‘The Reader on the 6.27’ is a novel by Jean-Paul Didierlaurent that follows Guylain Vignolles, a man who works at a novel-pulping plant and saves various pages. These he reads aloud on the 6.27 train to work every morning. Translated by Ros Schwartz and published by Pan Macmillan, this is a fantastic little book about the wonders of reading, and the people it brings together.
This is only a small book, but it is absolutely packed full of gems. The characters are mad as hatters, and I love them all. Quirky and full of people who love books in their very particular ways, it also touches upon the darker side of publishing, and of life. Every single page contains something lovely and horrible and utterly poetic. I’ve read a lot of books about books, but this one really stands out as something unique. Words create life in a way that I’ve never experienced before, and don’t know that I’ll ever experience again.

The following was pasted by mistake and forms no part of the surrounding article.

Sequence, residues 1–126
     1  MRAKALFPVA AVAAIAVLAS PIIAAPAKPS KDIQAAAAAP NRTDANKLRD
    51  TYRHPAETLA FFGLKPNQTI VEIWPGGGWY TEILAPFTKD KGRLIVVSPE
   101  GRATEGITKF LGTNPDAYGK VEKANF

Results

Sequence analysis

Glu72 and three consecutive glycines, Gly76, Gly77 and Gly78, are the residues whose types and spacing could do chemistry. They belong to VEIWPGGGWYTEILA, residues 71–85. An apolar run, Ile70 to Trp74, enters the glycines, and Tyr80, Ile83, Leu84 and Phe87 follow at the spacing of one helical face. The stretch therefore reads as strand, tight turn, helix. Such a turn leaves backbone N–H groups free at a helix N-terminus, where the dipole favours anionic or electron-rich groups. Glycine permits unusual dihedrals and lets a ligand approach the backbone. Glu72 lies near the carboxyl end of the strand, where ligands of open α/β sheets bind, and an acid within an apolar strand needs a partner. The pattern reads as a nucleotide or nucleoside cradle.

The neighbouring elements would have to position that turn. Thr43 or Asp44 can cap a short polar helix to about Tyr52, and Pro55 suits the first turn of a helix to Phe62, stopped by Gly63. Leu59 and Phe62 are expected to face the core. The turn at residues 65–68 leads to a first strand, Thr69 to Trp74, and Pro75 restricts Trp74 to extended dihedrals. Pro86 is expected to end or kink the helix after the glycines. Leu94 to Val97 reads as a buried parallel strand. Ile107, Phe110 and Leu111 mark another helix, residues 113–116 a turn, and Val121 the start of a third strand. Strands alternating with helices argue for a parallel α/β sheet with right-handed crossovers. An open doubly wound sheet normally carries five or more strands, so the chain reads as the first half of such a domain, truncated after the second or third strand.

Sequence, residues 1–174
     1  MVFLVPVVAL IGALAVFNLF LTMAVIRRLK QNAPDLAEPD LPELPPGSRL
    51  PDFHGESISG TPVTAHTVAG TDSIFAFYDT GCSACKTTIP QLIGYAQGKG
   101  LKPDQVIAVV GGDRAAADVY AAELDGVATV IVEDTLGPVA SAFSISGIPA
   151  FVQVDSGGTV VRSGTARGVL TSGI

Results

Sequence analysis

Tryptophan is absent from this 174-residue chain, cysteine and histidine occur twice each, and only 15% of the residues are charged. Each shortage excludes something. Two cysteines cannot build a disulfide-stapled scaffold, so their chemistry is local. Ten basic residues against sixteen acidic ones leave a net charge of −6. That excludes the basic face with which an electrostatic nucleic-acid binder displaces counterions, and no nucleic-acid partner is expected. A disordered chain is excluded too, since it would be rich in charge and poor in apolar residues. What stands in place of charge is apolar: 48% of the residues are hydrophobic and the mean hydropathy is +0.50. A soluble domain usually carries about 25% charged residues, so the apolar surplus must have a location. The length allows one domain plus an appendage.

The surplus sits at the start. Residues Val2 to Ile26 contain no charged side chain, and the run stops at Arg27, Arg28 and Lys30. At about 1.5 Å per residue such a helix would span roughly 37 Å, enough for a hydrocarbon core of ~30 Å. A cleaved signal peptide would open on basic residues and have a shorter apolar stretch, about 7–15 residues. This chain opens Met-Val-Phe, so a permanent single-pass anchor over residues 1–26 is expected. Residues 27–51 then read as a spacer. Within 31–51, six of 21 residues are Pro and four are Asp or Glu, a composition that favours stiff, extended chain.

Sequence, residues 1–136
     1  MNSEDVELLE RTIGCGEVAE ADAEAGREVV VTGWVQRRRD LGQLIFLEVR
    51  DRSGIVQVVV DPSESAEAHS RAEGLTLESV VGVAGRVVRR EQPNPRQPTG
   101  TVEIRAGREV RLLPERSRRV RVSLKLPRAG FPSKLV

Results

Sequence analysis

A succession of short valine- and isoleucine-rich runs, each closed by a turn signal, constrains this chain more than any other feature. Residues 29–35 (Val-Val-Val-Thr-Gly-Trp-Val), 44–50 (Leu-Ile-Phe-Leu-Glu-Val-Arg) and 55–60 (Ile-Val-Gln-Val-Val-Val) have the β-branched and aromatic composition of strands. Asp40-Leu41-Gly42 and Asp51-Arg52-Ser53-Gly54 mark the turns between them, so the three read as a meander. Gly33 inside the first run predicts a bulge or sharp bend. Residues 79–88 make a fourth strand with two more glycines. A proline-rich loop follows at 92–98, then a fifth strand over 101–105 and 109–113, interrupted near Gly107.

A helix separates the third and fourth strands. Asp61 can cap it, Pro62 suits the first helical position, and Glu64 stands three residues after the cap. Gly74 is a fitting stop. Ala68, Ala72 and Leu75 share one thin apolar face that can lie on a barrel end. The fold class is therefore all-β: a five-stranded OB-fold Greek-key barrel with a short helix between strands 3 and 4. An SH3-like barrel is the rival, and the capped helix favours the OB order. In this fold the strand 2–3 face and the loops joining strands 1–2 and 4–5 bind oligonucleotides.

I don’t think any of Didierlaurent’s other works have been translated into English. I really hope that they are, someday – this is definitely one of the best books that I’ve read this year. Tiny, translated, and terrific – anyone who loves books needs to read this.